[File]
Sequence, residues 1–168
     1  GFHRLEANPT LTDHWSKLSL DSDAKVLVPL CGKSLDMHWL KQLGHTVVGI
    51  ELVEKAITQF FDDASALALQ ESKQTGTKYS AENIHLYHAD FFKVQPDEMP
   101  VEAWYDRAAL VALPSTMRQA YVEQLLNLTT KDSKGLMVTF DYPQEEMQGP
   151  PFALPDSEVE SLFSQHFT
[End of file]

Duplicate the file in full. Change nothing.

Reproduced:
Sequence, residues 1–168
     1  GFHRLEANPT LTDHWSKLSL DSDAKVLVPL CGKSLDMHWL KQLGHTVVGI
    51  ELVEKAITQF FDDASALALQ ESKQTGTKYS AENIHLYHAD FFKVQPDEMP
   101  VEAWYDRAAL VALPSTMRQA YVEQLLNLTT KDSKGLMVTF DYPQEEMQGP
   151  PFALPDSEVE SLFSQHFT